Governor’s Proposed Tax Increases Smaller than Past Tax Cuts
Last week, Governor Tomblin issued a proclamation to call the legislature into a special session to address the state’s impeding budget crisis on Monday. This announcement came on the heels of a recent downgrade in the state’s bond rating from Standard & Poor’s Rating Service.
Due to a lack of consensus between the legislature (mostly the House leadership) and the governor on how best to close an estimated $270 million budget gap (this does not include cuts and reductions already baked into the Governor’s budget proposal, which takes this number above half a billion dollars), the governor included not only three bills to raise taxes but also a bill to give him authority to furlough state employees in case of a fiscal emergency. Along with Governor Tomblin’s budget bill, he also included in the call a supplemental appropriation bill to transfer $38 million in various funds and tap the Rainy Day Fund for $29 million to close part of the budget gap for the current fiscal year.
The tax increases proposed by the governor include: 1) raising the tax on tobacco products – including a 45 cent increase in the state’s cigarette tax, increasing the wholesale tax on other tobacco products from 7 to 12 percent, and establishing a new tax of 7.5 cent per milliliter on electronic cigarettes; 2) applying a sales tax on telecommunications services and ancillary services; and 3) raising the sales and use tax rate by no more than one percentage point. The tobacco taxes increase is expected to raise $78 million, the sales tax on telecommunications services would raise $60 million, and the sales tax rate increase to 7% from 6% would raise $196 million for a total of $334 million.
As Sean pointed out yesterday, these three tax proposals all hit low- and moderate-income families much harder than those at the top, and make our state and local tax system even more regressive and upside down. The good news, as Sean points out, is that there are much better options to close the revenue gap that include asking the wealthy to pay their fair share. The bad news is that these options were not included in the governor’s proclamation and will most likely not be considered. Making things even worse, it seems likely that the only revenue proposal that might pass is raising the tobacco tax by 45 cents per pack (instead of $1 increase that would not only raise more revenue but do more to prevent youth smoking, early deaths, and control health care costs).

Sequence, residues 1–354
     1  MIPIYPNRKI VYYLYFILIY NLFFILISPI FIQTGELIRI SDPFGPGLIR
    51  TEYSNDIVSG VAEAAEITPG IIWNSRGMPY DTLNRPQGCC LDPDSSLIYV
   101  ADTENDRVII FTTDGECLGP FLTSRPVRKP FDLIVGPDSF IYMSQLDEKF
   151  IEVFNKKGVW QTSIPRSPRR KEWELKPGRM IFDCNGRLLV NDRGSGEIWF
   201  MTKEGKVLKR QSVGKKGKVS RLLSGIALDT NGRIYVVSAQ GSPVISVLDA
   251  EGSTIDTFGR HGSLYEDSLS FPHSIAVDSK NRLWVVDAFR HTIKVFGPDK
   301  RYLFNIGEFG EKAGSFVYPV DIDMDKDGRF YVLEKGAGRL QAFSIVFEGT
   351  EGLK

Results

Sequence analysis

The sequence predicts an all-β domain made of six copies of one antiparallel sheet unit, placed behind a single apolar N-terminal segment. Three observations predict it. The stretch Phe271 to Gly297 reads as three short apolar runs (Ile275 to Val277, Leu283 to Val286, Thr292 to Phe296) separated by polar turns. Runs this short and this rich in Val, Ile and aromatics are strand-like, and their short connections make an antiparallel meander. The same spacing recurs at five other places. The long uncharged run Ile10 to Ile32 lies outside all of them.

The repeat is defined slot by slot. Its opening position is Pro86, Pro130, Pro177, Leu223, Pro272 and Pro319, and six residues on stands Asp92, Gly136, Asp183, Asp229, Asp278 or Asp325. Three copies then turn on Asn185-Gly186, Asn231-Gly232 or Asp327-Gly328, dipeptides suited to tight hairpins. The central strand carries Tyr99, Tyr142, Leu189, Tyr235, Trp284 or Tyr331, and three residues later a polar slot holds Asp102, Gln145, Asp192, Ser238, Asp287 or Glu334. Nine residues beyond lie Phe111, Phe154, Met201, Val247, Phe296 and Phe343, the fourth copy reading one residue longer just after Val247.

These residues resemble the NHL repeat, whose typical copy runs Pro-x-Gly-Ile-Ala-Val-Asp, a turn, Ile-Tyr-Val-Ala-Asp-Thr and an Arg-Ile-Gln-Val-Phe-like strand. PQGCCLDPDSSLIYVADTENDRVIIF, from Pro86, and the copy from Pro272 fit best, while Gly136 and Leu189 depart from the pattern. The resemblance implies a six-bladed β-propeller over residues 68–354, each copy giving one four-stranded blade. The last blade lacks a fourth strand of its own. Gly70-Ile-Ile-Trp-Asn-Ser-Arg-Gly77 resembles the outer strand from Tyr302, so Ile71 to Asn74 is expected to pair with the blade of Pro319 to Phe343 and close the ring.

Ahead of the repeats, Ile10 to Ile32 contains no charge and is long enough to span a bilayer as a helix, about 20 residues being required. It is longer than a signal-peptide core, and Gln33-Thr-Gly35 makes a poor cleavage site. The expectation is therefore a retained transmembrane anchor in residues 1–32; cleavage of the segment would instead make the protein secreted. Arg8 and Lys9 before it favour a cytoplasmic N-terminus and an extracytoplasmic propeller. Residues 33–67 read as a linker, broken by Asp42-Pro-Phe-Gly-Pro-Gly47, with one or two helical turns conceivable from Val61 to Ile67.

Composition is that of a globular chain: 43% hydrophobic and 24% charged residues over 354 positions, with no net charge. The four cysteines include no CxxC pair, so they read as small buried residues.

While many legislators have signed “no tax” increase pledges and, alternatively, there are many others who believe that passing additional tax increases would significantly increase the state’s tax base, it is important to recognize that Governor Tomblin’s proposed tax increases would total less than the major tax cuts of the past. Beginning in 2007, West Virginia enacted a number of major tax cuts, including phasing out the grocery tax on food and the business franchise tax, reducing the corporate net income tax rate from 9 to 6.5 percent, and making some cuts to the personal income tax (increasing the homestead exemption and establishing a low income family tax credit).
According to the West Virginia Department of Commerce, the business tax reductions totaled more than $230 million in 2015. Overall, the major tax cuts of the past ten years add up to at least $424 million while the governor’s proposed tax increases total only $334 million. While the tax cuts of the past were somewhat balanced between difference income groups, the governor’s proposals all hit low- and middle-income families much harder.
The irony of the state’s current budget crisis is that the tax cuts of the past are roughly the size of the state’s current budget gap. These is why we warned years ago that eventually these tax cuts would come home to roost.
As the legislature continues to meet over the next week or so to iron out the FY 2017 budget, it is imperative that they take a fiscally responsible approach that includes additional revenue to meet the needs of our state’s citizens. The state cannot continue its dubious path of cutting its way to prosperity. Legislators need to explore options that ensure the wealthy pay their fair share and that provide the necessary resources for essential services and programs. Through these public investments we can create a shared prosperity that makes West Virginia a better place to live, work and raise a family.